Multiverse “beyond the domain of science” – but right at home in the domain of pop science

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In “Does the Multiverse Really Exist?” (New Scientist, July 19, 2011), mathematician George F. R. Ellis warns that “Proof of parallel universes radically different from our own may still lie beyond the domain of science”:

In the past decade an extraordinary claim has captivated cosmologists: that the expanding universe we see around us is not the only one; that billions of other universes are out there, too. There is not one universe—there is a multiverse. In Scientific American articles and books such as Brian Greene’s latest, The Hidden Reality, leading scientists have spoken of a super-Copernican revolution. In this view, not only is our planet one among many, but even our entire universe is insignificant on the cosmic scale of things. It is just one of countless universes, each doing its own thing.

The trouble is, he says, such universes are unobservable, and “even if the multiverse exists, it leaves the deep mysteries of nature unexplained.” If there really are “an infinite number of galaxies, an infinite number of planets and an infinite number of people with your name who are reading this article,” it makes the deep mysteries of nature too absurd to be inexplicable.

But why does Ellis assume that everyone is displeased with this state of affairs? The untestable multiverse is perfect for its true purpose: Getting around the fact that the only universe we know seems fine-tuned for life.

If the multiverse were testable, it could be falsified. Then what? It is a far more useful concept for the new atheist elite if it is comfortably beyond the reach of ever being demonstrated but yakked up incessantly enough to sell books, and eventually set education policy.

Also: Here Ellis observes that “Arguments for the multivese are mutually exclusive.”
Here claims for “proof” of a multiverse are dissected.

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7 Replies to “Multiverse “beyond the domain of science” – but right at home in the domain of pop science

  1. 1
    junkdnaforlife says:

    UD News 2011:

    “The untestable multiverse is perfect for its true purpose: Getting around the fact that the only universe we know seems fine-tuned for life.”

    L. Susskind 2005:

    “If, for some unforeseen reason, the landscape turns out to be inconsistent – maybe for mathematical reasons, or because it disagrees with observation – I am pretty sure that physicists will go on searching for natural explanations of the world. But I have to say that if that happens, as things stand now we will be in a very awkward position. Without any explanation of nature’s fine-tunings we will be hard pressed to answer the ID critics. One might argue that the hope that a mathematically unique solution will emerge is as faith-based as ID.”

  2. 2
    kairosfocus says:

    JDFL (& News):

    A mathematically unique solution that forces our cosmos to be as it is, is by definition, fine tuned. Fine-tuning is easy to push up a level and miss that it has not gone away.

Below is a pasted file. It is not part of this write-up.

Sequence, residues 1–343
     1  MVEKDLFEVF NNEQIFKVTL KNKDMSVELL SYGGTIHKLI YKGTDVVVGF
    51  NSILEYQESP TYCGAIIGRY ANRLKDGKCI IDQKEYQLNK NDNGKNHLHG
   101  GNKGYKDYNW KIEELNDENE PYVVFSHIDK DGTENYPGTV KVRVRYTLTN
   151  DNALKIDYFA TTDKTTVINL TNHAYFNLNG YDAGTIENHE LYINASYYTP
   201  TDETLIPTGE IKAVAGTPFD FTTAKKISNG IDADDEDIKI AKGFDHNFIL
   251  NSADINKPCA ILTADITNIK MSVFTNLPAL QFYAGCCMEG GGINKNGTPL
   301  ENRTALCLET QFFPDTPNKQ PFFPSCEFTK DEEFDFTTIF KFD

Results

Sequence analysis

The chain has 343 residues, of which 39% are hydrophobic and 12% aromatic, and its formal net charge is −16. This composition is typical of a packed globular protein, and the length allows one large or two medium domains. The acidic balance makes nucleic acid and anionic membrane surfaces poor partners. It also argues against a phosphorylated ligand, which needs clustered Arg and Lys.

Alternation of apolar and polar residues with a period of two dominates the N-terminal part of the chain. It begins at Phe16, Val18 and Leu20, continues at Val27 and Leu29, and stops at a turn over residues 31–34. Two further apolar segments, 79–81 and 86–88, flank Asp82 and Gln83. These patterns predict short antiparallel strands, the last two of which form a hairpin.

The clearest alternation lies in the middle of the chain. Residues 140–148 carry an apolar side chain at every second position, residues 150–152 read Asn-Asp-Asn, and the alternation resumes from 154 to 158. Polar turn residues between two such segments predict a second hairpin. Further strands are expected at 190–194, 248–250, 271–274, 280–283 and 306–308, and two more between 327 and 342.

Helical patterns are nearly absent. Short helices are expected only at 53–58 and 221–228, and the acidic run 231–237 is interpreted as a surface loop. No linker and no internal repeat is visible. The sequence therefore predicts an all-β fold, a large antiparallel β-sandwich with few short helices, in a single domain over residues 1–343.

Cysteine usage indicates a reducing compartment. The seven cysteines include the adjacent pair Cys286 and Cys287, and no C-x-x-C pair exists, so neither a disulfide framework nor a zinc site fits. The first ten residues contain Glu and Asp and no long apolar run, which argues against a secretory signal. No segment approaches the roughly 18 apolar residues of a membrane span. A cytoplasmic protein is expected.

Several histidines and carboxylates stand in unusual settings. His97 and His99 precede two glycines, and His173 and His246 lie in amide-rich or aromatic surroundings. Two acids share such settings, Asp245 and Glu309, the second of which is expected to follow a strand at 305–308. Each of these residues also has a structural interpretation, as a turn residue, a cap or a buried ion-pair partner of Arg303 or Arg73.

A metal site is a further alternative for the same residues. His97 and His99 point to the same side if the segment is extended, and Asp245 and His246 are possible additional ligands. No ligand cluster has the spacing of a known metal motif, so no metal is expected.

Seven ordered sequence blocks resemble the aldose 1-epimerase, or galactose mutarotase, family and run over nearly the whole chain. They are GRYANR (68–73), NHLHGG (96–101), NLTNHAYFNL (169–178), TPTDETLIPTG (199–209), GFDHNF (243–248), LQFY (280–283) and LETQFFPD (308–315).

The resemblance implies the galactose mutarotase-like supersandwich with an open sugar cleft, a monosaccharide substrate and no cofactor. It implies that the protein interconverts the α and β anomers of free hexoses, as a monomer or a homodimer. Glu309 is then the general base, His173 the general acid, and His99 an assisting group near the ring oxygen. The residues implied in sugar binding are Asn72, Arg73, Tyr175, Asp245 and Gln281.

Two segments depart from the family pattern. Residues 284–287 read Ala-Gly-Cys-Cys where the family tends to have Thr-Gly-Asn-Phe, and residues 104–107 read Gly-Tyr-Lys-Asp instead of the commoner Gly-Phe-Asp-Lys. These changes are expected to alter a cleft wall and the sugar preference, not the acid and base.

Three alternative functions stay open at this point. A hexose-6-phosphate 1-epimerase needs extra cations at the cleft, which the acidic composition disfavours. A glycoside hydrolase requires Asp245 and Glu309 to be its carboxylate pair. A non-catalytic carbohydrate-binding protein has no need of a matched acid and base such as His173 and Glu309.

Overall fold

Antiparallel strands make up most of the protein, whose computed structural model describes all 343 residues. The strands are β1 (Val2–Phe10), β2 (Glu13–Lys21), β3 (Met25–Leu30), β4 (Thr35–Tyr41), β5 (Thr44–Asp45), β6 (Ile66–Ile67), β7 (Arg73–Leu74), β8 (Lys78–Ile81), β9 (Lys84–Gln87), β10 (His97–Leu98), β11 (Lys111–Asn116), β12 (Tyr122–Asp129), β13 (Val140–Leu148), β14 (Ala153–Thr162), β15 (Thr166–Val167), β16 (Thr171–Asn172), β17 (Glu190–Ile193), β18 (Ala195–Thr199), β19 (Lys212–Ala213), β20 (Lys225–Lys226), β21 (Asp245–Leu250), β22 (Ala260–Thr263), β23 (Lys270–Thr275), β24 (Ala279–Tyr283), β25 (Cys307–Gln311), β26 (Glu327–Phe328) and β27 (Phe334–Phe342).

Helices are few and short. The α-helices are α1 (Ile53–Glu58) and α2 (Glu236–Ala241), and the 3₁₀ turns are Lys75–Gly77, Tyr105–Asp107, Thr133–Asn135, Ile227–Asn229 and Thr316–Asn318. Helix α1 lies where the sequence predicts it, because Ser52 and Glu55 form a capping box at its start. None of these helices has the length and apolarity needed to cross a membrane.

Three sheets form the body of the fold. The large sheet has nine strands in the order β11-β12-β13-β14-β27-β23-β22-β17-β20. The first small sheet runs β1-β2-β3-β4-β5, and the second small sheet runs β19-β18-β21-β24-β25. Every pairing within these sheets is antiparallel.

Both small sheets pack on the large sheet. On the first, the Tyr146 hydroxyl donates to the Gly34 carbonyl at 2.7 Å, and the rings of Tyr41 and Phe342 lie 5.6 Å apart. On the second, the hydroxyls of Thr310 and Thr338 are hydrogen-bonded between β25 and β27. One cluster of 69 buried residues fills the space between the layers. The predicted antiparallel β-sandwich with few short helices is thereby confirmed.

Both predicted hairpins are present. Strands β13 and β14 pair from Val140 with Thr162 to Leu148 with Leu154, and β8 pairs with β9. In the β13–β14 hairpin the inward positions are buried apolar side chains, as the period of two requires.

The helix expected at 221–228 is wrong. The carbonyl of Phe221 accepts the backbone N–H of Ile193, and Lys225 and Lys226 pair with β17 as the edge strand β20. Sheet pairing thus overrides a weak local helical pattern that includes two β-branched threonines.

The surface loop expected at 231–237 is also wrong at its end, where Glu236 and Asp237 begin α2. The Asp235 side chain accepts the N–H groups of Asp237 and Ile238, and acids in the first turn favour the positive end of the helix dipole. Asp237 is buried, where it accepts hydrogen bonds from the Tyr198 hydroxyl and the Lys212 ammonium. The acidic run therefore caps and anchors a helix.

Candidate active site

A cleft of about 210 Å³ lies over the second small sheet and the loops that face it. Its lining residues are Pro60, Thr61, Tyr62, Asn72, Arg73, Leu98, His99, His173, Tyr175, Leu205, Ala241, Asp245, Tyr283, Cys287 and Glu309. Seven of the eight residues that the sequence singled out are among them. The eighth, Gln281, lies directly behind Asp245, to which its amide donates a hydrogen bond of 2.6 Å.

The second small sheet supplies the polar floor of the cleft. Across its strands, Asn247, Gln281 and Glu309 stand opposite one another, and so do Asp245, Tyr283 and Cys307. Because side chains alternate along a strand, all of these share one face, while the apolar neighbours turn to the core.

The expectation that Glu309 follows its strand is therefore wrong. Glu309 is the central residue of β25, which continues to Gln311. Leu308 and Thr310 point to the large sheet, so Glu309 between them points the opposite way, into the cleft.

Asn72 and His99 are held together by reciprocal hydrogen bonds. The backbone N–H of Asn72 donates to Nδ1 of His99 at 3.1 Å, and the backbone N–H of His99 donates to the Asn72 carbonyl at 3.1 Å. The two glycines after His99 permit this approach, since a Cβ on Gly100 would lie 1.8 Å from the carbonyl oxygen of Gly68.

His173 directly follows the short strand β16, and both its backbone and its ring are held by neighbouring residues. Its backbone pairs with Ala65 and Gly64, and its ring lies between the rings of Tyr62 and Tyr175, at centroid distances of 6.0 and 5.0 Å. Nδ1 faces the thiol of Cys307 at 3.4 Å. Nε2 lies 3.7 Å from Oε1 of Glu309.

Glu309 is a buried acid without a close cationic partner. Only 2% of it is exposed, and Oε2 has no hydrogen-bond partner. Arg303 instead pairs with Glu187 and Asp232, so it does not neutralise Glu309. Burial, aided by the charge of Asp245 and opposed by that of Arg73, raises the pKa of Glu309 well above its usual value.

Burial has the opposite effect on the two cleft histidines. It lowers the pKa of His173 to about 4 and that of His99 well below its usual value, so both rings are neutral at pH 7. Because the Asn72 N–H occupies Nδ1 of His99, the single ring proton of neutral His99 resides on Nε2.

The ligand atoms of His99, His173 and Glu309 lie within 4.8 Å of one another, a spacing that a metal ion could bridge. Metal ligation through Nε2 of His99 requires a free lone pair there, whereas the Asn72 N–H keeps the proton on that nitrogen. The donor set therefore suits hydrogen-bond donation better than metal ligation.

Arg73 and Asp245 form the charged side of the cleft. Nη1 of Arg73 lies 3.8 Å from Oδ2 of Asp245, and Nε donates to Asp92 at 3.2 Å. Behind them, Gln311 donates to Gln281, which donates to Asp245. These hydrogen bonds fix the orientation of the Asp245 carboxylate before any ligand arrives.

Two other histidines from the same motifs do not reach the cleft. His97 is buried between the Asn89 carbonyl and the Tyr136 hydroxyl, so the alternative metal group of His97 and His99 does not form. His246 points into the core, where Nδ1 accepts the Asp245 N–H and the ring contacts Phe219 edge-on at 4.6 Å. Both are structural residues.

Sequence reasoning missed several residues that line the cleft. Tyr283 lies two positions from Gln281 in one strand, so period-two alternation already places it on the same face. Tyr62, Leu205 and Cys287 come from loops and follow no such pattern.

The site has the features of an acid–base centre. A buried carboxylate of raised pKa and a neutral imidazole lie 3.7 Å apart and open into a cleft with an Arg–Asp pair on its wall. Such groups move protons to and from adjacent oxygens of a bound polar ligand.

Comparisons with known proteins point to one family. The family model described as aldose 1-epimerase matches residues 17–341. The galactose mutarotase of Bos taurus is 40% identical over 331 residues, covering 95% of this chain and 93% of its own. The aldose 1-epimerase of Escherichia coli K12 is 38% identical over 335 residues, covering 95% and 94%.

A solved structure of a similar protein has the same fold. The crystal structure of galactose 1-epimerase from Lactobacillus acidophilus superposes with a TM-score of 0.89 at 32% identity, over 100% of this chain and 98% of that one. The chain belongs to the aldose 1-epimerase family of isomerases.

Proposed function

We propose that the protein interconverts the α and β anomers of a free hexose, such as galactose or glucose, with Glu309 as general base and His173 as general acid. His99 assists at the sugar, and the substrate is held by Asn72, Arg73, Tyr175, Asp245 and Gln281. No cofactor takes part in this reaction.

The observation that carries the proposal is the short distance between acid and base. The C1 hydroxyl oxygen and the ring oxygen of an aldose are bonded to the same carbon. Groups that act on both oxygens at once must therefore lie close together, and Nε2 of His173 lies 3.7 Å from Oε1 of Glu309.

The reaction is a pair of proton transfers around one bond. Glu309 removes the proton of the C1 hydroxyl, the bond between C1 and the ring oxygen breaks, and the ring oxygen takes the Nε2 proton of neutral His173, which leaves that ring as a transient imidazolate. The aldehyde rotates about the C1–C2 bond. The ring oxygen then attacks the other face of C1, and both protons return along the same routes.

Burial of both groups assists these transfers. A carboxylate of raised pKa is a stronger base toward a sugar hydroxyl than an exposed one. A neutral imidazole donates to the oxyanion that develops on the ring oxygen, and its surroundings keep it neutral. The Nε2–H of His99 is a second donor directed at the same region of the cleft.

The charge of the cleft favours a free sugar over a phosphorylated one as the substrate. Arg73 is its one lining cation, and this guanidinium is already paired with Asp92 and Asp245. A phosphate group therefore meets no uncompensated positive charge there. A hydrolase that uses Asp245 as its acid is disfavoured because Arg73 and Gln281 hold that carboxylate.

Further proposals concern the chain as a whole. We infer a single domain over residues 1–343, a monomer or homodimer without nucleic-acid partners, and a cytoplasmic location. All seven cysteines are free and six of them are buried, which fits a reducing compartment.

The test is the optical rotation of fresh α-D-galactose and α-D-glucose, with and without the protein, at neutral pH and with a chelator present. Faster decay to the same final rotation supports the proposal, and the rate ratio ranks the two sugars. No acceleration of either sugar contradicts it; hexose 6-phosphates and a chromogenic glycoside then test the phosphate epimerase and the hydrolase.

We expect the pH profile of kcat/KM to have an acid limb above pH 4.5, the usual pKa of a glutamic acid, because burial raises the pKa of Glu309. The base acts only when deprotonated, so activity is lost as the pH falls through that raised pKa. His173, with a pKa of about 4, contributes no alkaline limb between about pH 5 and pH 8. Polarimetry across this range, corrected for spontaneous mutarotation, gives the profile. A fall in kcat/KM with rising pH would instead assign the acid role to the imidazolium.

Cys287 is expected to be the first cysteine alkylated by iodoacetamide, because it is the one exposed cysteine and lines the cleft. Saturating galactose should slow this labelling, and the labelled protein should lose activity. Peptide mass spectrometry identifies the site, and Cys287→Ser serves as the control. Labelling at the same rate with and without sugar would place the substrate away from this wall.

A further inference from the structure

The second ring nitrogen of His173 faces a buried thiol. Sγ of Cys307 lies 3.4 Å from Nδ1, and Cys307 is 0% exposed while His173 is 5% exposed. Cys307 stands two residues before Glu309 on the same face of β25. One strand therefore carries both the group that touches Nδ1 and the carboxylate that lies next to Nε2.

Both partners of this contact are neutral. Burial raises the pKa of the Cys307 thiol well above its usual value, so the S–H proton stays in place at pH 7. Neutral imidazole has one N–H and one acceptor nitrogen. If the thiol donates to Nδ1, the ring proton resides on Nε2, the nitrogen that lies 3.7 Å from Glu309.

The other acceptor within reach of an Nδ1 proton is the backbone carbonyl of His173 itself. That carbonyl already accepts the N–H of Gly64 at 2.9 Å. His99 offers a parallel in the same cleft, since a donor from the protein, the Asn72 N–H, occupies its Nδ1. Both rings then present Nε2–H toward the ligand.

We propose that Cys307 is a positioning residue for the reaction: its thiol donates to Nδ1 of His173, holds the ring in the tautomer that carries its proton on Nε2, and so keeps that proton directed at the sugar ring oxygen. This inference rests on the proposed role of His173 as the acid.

If instead we are looking at a cosmos bakery that manages to capture what looks like a locally very precisely tuned cosmos with a life-friendly operating point then the cosmos bakery is looking fine tuned to hunt for that “knee” or “island of function.” [Cf the footnote point 5 on Collins here.]

    Last but not least, looking for a natural explanation of nature is not only the importation of a priori materialism, but when we are trying to explain the causal roots of nature on nature that is getting pretty close to causal absurdity: A causes A.

    A commenter at Feser’s blog, Nathaniel, has captured this issue well:

    To say that something came from nothing is really just another way of saying that it came into being uncaused (since clearly “nothing” [plainly, strict sense; a vacuum is a spatial entity with measurable properties — permittivity, permeability, speed of light as a result etc] and laws, it is not nothing, nor are the laws in such a space nothing . . . ] cannot legitimate be a positive cause of anything). Now for a thing to be uncaused, its existence would have to not depend on anything besides itself in order to be. For those things are called causes upon which things depend for their existence or coming to be.

    Let’s say, for the sake of argument, that a thing (X) came into existence uncaused. Now clearly the moment before (X) came to be it was possible for it to come to be, otherwise one would say that what came to be was impossible. But before (X) came to be, it did not exist. Similarly before (X) came to be, that which is impossible (a square–circle for example) did not exist either. But there must be something that makes the existence of (X) possible but does not make a square-circle possible, otherwise there would be no legitimate reason to say that (X) is possible but a square-circle is not. What makes that which is possible different from that which is impossible? It cannot be nothing, because nothing makes nothing distinct. Therefore what makes the possible distinct from the impossible is something positive in reality. Therefore there is something other than nothing that makes (X) possible but does not make a square-circle possible. But that which allows the possibility of the existence of (X) is something (X) depends on for its existence. For if that which allows the possibility of (X) did not exist, then the existence of (X) would not be possible. Therefore the existence of (X) is not uncaused, but caused. But this is contrary to what we said earlier. Therefore no uncaused being can come into existence. Hence something cannot come from nothing.

    In short, contingent beings are caused, necessary beings are not. The latter do not begin, nor can they end, they are eternal. Basic mathematical truths and the like are like that: 2 + 3 = 5 has always been true, it has no beginning nor end as a truth, and cannot be made non-true. (BTW, this is one root of why a great many theists have said that such truths eternally reside in the mind of him who is truth himself, God.)

    The sounder cosmological claim, is that the wider system of nature is the necessary being that explains our sub-cosmos with a beginning, and that is one root of the multiverse claims.

    GEM of TKI

  3. 3
    junkdnaforlife says: